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Lucy's statement in response to the government's u-turn on forced academisation

Hulme_bridge.jpgToday Lucy responded to a statement by the Secretary of State for Education on the u-turn on the government’s plans to force all good and outstanding primary and secondary schools to become an academy by 2022. You can read Lucy’s statement below.

 

CHECK AGAINST DELIVERY

 

Intro

Thank you Mr Speaker. 

May I thank the Secretary of State for advance notice of her statement.

It’s good to see that, despite her best efforts, this U-turn is getting the airing it deserves.

Key concession and what it means

What she announced on Friday was a significant and welcome climb down. 

However she wants to dress it up, dropping her desire to force all schools to become academies by her arbitrary deadline of 2022, is a key concession.  School leaders should take it as a very clear signal that the foot is off their throat and they shouldn’t feel they need to jump before being pushed. 

In achieving this welcome move can I thank the very broad alliance who joined us in making the arguments; the head teachers, who made their collective voice very clear last weekend, parents, governors, teachers, local government leaders, and honourable members from across the House, who have made very thoughtful and important interventions over recent weeks.

I would have thought given the scale and breadth of the opposition to her plans, and the huge sense of panic and upheaval they have caused to school leaders, she might have shown a little more humility in her statement today.  If I were her, I would at least apologise.

Leaves many of same concerns

But I have to say, after her statement today, we are all left even more confused about what her policy is. She says her aim remains the same, but without the means.

I have to say, Mr Speaker, that although the Secretary of State has conceded on the politically daft idea of forcing good and outstanding schools to become academies against their wishes, she still holds the ambition that all schools will become academies, yet has still today failed to make a single decent argument as to why this ambition is desirable in the first place.

Perhaps this is because, despite her claims to be in listening mode, she is a Secretary of State with her fingers in her ears, out of touch with heads, parents and teachers.

Questions remain

Where is her evidence that academisation is the panacea for school improvement?  Where’s the choice or autonomy or innovation in a one-size-fits-all approach? Is there sufficient capacity and accountability in the academies system to ensure that it is best practice, not poor practice, which is being spread?

These questions remain as she seeks further powers to speed up the pace of academisation.

On school improvement, she must now take stock of the evidence.  The Education Select Committee recommended she do this: Sir Michael Wilshaw found serious concerns in many chains, research by the Sutton Trust found there is a very mixed picture in performance of academy chains, and there is no evidence at all that academisation in and of itself leads to school improvement.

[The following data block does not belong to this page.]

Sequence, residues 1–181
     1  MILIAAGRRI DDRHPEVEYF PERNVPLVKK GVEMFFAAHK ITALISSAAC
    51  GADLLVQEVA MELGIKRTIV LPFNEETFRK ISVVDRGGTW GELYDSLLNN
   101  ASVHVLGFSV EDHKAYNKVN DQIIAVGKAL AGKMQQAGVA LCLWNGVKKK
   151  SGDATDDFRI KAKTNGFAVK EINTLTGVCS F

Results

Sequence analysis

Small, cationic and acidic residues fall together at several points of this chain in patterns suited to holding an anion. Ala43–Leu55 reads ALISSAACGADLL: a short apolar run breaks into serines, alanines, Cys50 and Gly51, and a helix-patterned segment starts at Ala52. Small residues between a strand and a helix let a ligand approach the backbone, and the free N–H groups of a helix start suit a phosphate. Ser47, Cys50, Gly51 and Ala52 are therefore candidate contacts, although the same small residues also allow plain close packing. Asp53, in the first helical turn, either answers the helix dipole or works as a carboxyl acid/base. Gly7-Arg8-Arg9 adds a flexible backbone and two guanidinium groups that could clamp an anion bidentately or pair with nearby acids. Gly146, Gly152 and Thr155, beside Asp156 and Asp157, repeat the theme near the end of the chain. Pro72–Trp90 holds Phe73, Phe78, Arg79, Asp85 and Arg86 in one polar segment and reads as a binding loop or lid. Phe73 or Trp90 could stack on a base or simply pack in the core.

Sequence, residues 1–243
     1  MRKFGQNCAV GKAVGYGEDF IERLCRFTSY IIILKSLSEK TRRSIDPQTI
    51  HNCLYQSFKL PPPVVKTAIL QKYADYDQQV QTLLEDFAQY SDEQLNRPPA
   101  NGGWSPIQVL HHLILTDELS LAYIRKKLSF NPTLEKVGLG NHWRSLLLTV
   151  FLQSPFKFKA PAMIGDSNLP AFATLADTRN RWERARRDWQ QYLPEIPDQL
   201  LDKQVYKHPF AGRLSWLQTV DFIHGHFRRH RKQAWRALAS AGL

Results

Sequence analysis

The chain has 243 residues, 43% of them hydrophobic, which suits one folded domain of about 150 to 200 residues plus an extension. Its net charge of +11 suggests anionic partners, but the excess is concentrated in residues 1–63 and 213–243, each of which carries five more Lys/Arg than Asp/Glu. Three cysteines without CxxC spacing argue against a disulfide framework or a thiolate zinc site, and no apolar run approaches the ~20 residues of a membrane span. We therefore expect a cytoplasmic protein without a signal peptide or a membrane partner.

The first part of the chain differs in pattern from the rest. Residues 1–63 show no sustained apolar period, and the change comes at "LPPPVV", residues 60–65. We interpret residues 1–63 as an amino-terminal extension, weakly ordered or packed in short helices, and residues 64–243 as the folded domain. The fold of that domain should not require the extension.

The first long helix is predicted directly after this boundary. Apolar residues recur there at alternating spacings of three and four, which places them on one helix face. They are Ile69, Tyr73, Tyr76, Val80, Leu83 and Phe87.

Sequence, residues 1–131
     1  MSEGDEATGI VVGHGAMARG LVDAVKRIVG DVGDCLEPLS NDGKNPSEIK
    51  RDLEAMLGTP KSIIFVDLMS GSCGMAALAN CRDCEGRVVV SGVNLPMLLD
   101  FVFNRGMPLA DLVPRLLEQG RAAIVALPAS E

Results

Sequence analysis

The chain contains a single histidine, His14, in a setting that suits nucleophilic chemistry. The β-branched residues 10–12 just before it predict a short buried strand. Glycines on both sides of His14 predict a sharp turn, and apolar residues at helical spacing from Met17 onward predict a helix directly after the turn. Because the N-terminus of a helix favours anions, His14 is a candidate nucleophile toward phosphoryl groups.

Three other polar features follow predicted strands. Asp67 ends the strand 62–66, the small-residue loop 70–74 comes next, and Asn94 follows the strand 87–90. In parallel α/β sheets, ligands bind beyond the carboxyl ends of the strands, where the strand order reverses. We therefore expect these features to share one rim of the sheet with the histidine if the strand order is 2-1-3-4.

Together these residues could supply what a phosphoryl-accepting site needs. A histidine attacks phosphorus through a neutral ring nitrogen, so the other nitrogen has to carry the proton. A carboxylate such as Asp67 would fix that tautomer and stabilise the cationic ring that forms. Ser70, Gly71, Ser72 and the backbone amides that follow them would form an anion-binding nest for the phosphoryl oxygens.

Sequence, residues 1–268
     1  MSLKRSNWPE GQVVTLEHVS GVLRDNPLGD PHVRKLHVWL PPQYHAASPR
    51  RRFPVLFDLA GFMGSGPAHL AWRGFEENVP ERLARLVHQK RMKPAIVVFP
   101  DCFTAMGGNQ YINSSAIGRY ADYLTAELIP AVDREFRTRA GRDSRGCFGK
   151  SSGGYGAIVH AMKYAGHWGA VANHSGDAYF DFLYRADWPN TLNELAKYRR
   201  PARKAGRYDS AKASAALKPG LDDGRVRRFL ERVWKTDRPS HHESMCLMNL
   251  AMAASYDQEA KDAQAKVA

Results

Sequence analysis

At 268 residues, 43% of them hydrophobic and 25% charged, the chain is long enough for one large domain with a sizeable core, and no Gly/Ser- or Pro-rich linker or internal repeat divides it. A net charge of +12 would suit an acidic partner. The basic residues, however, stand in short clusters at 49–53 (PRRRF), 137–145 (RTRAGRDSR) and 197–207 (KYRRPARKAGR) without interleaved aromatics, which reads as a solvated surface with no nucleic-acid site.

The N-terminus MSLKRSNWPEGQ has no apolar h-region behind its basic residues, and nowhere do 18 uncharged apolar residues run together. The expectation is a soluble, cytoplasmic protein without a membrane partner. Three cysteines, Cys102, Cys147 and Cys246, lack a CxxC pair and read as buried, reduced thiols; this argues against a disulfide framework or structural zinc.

Indeed, analysis published today by PWC shows that only three of the biggest academy chains gets a positive value-added rating. And just one of the 26 biggest primary sponsors achieves results above the national average. She must not continue making dubious arguments about cause and effect without the evidence.

The concerns of a “one-size fits all” policy as expressed by Cllr Paul Carter, Chair of the County Councils Network, still apply.  As do those about “distant, unaccountable bureaucracies”, expressed by the Hon Member for Altrincham & Sale West.

As Lord Kenneth Baker raised, there are real issues of capacity within Multi-Academy Trusts to take on a new wave of academies.

[And today she’s failed to answer the key question of parents and their right to remain on governing bodies of academies.]

Misses the point

But perhaps the biggest concern we all have about her direction is her fixation with structures not standards.

Whilst chaos reigns all around her, and while heads are dealing with what they describe as “very challenging times”, she wants to put the energies of her department into more structural change, for which there is little evidence, insufficient capacity and inadequate accountability.

Wouldn’t she be better advised sorting out the utter chaos besetting primary assessment and SATs?  Or ensuring the massively behind schedule new GCSEs are delivered well and on time?  Or how about dealing with the chronic shortages of teachers she’s caused?  Or getting a proper strategy for local place planning?  Or instead of simply doing the Chancellor’s bidding, perhaps she could fight for school budgets, which are facing real terms cuts for the first time in 20 years.

Conclusion

We all want to see educational excellence everywhere, but the Secretary of State is presiding over a chaotic mess dragging schools backwards, and her ambitions for further structural change are at best a distraction, and at worst will damage standards.

 

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